Etymology
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abash (v.)

"perplex or embarrass by suddenly exciting the conscience, discomfit, make ashamed," late 14c., earlier "lose one's composure, be upset" (early 14c.), from Old French esbaiss-, present stem of esbaer "lose one's composure, be startled, be stunned."

Originally, to put to confusion from any strong emotion, whether of fear, of wonder, shame, or admiration, but restricted in modern times to effect of shame. [Hensleigh Wedgwood, "A Dictionary of English Etymology," 1859]

The first element is es "out" (from Latin ex; see ex-). The second may be ba(y)er "to be open, gape" (if the notion is "gaping with astonishment"), possibly ultimately imitative of opening the lips. Middle English Compendium also compares Old French abaissier "bow, diminish, lower oneself" (source of abase). Related: Abashed; abashing. Bashful is a 16c. derivative.

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abate (v.)
c. 1300, "put an end to" (transitive); early 14c., "to grow less, diminish in power or influence" (intransitive); from Old French abatre "beat down, cast down, strike down; fell, destroy; abolish; reduce, lower" (Modern French abattre), from Vulgar Latin *abbatere, from Latin ad "to" (see ad-) + battuere "to beat" (see batter (v.)). The French literal sense of "to fell, slaughter" is in abatis and abattoir. Related: Abated; abating.
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abatement (n.)
"act or state of being decreased or mitigated" in some way, mid-14c., from Old French abatement "overthrowing; reduction," from abatre "strike down; reduce" (see abate). Now mostly in the legal sense "destruction or removal of a nuisance, etc." (1520s).
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abatis (n.)
"barricade defense made of felled trees with the branches angled outward," 1766, from French abatis, literally "things thrown down," from Old French abateiz "a casting down; slaughter, carnage" (12c.), from abatre "to beat down, throw down" (see abate).
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abattoir (n.)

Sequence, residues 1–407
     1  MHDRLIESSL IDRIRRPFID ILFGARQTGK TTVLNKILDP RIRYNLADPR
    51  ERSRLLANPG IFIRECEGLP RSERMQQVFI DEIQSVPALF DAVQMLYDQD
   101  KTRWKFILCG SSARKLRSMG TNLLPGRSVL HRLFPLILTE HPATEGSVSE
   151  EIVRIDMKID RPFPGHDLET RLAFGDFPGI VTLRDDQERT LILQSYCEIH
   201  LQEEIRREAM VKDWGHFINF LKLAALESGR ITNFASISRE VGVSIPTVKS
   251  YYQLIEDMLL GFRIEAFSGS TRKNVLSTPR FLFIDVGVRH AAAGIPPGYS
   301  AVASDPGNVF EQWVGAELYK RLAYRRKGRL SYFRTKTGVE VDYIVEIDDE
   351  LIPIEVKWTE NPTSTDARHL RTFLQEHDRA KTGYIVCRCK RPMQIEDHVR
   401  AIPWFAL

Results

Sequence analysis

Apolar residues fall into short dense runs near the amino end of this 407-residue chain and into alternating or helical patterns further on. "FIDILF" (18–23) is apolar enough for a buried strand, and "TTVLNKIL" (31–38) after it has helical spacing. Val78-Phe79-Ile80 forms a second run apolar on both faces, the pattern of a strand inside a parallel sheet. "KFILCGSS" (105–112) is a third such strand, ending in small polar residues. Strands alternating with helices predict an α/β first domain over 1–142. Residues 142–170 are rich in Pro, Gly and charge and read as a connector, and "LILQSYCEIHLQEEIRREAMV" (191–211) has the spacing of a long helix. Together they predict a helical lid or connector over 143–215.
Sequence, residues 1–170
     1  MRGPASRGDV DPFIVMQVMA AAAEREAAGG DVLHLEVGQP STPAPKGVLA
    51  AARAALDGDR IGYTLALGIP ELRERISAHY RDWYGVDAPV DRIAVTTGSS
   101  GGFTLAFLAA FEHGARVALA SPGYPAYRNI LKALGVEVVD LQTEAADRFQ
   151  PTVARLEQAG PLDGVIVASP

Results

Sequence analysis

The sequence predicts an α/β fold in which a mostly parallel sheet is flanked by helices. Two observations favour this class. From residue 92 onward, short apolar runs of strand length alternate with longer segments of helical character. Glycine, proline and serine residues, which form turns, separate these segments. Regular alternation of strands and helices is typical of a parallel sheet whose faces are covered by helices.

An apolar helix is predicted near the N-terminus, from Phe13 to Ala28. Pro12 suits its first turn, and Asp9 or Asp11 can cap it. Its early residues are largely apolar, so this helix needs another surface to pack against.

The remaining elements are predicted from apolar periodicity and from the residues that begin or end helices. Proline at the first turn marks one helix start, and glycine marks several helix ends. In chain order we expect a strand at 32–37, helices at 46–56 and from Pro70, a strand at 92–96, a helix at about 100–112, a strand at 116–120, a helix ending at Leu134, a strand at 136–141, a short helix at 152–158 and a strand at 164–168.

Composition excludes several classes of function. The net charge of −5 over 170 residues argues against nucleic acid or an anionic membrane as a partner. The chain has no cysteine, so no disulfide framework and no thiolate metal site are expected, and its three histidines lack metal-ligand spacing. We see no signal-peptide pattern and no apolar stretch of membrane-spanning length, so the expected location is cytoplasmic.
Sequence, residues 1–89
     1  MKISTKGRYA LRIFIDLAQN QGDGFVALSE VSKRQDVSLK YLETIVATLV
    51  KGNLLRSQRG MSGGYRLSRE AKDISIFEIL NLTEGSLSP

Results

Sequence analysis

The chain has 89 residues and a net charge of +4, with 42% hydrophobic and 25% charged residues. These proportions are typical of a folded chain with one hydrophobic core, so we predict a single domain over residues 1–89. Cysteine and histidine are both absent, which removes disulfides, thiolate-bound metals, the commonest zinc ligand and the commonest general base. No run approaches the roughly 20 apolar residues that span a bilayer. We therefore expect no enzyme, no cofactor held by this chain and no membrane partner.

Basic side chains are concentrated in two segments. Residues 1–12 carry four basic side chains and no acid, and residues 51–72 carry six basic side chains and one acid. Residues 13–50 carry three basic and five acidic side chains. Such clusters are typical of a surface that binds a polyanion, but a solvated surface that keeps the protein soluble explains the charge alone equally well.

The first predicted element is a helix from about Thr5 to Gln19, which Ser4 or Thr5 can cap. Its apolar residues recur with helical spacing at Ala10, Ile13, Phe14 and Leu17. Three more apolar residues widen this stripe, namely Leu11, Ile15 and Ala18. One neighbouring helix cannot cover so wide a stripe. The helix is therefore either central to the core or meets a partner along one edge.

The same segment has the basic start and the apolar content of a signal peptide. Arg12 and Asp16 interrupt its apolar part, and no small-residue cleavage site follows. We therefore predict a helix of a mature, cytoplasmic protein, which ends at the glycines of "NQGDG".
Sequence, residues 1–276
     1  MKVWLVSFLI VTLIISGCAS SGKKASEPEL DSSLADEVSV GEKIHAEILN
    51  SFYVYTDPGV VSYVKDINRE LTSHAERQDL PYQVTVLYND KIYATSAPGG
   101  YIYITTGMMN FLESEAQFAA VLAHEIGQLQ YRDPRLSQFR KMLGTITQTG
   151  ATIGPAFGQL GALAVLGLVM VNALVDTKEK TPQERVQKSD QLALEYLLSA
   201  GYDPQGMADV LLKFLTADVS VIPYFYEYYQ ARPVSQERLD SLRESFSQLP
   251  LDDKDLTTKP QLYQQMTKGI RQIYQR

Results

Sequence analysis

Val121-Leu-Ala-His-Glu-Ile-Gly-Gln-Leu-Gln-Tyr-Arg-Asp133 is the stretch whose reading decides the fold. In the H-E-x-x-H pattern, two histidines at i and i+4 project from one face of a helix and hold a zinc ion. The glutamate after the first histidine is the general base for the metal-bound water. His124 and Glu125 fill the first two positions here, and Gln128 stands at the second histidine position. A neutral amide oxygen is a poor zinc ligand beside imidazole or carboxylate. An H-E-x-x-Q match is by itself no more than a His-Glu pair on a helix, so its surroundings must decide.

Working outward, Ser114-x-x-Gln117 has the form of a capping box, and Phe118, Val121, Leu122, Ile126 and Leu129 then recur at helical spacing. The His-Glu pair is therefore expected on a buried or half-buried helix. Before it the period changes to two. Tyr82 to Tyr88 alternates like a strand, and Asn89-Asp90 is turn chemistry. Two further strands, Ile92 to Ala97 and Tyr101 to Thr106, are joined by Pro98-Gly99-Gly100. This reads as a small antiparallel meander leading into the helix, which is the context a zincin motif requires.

"slaughterhouse for cows," 1820, from French abattre in its literal sense "to beat down, knock down, slaughter" (see abate) + suffix -oir, corresponding to Latin -orium, indicating "place where" (see -ory).
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abaxile (adj.)

"not in the axis," 1847, from Latin ab "away from" (see ab-) + axile "of or belonging to an axis," from axis.

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ABBA 
Swedish pop music group formed 1972, the name dates from 1973 and is an acronym from the first names of the four band members: Anni-Frid Lyngstad, Björn Ulvaeus, Benny Andersson, Agnetha Fältskog.
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Abba 

Biblical title of honor, literally "father," used as an invocation of God, from Latin abba, from Greek abba, from Aramaic (Semitic) abba "the father, my father," emphatic state of abh "father." Also a title in the Syriac and Coptic churches.

It is used in the New Testament three times (Mark xiv. 36, Rom. viii. 15, Gal. iv. 6), in each instance accompanied by its translation, "Abba, Father," as an invocation of the Deity, expressing close filial relation. Either through its liturgical use in the Judeo-Christian church or through its employment by the Syriac monks, it has passed into general ecclesiastical language in the modified form of abbat or abbot .... [Century Dictionary]
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Abbassid 
dynasty of caliphs of Baghdad (C.E. 750-1258) claiming descent from Abbas (566-652), uncle of the Prophet. His name is from the same Semitic source as abbot. With patronymic suffix.
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abbe (n.)
1520s, title given in France to "every one who wears an ecclesiastical dress" [Littré, quoted in OED], especially one having no assigned ecclesiastical duty but acting as a private tutor, etc., from French abbé (12c.), from Late Latin abbatem, accusative of abbas (see abbot). See Century Dictionary for distinctions.
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